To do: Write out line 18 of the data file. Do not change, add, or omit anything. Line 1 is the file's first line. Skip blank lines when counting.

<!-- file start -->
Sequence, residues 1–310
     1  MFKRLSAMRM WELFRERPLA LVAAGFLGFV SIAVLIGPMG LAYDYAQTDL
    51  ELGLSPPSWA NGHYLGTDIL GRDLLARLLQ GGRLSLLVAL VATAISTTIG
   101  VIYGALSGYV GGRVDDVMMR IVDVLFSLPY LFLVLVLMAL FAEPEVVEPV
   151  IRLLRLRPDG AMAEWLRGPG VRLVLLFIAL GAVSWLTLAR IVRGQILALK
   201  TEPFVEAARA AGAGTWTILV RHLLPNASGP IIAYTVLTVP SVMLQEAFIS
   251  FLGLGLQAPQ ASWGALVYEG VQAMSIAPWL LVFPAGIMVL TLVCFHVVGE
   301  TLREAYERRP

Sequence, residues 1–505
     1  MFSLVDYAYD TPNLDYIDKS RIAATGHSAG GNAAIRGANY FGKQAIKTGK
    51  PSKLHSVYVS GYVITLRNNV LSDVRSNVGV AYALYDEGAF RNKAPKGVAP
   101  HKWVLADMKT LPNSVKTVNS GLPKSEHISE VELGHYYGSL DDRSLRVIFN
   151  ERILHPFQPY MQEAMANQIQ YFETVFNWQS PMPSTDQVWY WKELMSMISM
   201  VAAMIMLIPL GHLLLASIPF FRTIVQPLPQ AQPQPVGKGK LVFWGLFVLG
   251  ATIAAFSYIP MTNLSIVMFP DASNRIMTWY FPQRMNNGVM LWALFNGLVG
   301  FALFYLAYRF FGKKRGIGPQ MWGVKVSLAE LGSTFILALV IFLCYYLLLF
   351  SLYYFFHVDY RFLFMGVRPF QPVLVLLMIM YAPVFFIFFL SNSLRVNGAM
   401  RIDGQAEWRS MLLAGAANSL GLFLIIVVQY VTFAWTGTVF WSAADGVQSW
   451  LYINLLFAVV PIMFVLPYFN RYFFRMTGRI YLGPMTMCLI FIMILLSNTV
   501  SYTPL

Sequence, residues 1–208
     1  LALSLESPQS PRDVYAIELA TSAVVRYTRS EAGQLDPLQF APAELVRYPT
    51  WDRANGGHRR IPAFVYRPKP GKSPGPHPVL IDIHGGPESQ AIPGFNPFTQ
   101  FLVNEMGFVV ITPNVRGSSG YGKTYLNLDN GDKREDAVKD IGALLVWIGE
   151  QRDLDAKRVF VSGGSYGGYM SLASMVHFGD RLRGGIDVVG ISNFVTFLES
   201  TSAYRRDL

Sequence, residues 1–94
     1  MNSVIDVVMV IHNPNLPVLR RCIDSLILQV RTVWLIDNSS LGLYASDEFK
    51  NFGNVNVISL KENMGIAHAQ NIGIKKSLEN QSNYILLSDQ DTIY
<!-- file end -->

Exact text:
   401  RIDGQAEWRS MLLAGAANSL GLFLIIVVQY VTFAWTGTVF WSAADGVQSW